One of the architectural gems of the Sacred Valley of the Incas, is the archaeological site of Pisac, is located on the slopes of a mountain, on the beautiful town of Pisac. If you visit the Sacred Valley, be sure to include the ruins of Pisac in your itinerary. The ruins are 25 minutes from the town, following the path down the mountainside. Remember that you will need the Tourist Ticket of Cusco, to enter the ruins of Pisac; You can acquire it completely or partially.
Pisac is one of Cusco’s few great Inca ruins that feature all types of architecture – agricultural, hydraulic, military, residential, and religious. It probably began as a military garrison to guard against incursion from the Ant Indians, who occupied the easternmost corner of the empire know as Antisuyo (present-day Paucartambo and the Manu jungle).
Artisan market of Pisaq
In its main square, under centuries-old trees, on Tuesdays, Thursdays and Sundays, artisanal fairs are held, which are very popular because of the diverse and colorful textile textiles and varied decorative ceramics offered there.
Cerro Ñust’ayuj or ChakaChinpa
In the lower third of this hill of Pisaq there are twenty Inca platforms, the asphalted road enters there in the ravine; this group of platforms is called Chaka Chimpa which means “on the other side of the bridge”; in the upper third of the hill there is a natural formation with a human figure, it looks like a peasant woman with a jacket and a bundle on her back. In front of the hill where is the Inca city of Pisac, in southwest direction and on the other side of the Vilcanota river rises this hill that is part of the Pacha Tusan chain.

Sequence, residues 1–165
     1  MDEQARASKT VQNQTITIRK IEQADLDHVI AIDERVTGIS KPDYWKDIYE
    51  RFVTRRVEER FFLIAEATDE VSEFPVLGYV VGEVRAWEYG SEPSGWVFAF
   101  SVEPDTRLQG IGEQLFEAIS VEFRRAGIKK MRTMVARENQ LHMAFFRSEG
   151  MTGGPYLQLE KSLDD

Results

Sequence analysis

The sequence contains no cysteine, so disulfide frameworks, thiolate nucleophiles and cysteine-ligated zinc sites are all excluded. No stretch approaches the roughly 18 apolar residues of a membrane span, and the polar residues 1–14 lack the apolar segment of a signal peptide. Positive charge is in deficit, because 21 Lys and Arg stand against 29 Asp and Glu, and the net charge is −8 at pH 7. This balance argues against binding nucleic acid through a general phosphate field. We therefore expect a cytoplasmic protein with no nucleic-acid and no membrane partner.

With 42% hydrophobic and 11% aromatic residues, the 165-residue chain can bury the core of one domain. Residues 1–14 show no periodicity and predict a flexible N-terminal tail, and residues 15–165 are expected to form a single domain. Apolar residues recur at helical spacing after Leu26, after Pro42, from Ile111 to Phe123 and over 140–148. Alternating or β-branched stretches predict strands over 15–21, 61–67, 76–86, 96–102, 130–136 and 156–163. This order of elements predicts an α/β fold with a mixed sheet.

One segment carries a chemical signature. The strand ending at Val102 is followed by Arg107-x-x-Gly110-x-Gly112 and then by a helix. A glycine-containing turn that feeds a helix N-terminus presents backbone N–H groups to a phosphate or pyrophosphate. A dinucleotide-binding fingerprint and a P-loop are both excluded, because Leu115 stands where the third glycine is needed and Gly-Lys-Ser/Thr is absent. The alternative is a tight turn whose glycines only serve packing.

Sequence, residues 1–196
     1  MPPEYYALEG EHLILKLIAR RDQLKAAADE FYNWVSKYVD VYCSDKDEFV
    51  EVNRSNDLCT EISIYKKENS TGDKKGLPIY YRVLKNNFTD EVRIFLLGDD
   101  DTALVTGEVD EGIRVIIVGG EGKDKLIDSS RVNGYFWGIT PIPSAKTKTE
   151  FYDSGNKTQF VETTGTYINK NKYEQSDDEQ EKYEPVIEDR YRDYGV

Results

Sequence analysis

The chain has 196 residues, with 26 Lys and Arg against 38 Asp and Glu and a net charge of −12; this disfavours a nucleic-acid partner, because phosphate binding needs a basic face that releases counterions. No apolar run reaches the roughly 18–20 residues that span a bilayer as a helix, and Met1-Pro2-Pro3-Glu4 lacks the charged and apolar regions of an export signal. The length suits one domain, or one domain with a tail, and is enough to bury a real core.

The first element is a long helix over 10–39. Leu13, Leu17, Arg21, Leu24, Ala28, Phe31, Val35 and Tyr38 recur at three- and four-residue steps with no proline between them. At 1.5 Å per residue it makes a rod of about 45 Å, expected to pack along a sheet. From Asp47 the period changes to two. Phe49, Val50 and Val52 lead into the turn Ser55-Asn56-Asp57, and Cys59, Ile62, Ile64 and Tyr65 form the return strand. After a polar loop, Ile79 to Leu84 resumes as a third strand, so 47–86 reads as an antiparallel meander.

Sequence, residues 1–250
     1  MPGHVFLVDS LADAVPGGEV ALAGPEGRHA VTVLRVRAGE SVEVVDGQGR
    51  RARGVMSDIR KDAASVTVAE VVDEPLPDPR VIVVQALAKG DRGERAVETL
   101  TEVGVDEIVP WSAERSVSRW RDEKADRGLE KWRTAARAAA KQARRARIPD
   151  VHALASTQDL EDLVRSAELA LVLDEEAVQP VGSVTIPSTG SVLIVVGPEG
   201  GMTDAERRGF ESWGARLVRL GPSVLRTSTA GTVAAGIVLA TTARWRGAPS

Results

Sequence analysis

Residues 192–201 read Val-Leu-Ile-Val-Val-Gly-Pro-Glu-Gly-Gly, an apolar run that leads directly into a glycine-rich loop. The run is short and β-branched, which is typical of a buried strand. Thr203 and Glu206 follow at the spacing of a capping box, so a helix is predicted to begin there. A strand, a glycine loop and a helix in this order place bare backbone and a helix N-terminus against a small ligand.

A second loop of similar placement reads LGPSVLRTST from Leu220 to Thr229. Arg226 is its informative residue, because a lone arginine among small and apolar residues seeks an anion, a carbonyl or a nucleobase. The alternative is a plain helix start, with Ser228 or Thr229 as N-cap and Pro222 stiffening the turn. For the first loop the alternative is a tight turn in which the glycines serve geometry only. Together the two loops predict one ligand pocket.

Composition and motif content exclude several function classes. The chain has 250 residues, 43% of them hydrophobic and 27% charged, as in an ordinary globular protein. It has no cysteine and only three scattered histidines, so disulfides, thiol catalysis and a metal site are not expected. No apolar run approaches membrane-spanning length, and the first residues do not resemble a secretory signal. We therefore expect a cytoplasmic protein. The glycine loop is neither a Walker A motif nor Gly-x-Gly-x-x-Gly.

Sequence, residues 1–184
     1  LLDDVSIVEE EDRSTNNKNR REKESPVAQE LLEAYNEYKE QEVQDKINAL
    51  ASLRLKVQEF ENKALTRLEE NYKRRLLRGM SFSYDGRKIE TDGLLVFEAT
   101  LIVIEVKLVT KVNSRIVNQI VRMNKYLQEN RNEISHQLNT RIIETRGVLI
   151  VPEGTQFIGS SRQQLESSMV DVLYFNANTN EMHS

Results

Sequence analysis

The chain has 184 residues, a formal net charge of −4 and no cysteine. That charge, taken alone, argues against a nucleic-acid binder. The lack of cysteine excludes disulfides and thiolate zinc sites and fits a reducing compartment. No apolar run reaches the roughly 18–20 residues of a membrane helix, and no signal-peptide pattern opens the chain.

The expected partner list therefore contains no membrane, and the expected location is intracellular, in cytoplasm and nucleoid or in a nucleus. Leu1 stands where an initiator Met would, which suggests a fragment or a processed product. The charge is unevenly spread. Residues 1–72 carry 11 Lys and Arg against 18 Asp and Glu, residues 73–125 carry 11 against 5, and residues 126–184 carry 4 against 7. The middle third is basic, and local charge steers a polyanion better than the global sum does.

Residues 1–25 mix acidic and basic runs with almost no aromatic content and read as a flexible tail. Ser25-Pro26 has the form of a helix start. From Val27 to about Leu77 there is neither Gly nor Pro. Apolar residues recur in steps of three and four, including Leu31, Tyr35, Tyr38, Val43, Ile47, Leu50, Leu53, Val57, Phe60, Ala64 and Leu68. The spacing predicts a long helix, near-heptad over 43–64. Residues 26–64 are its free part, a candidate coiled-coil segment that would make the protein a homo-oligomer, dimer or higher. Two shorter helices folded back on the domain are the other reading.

The inhabitants of this town of Pisac and the nearby peasant communities are eminently Catholic, so they are not oblivious to the celebrations of the Eucharist. In the temple of Pisac, a Sunday mass is celebrated in Quechua with the assistance of mayors or varayoc wearing native clothes and accompanied by the sound of pututos.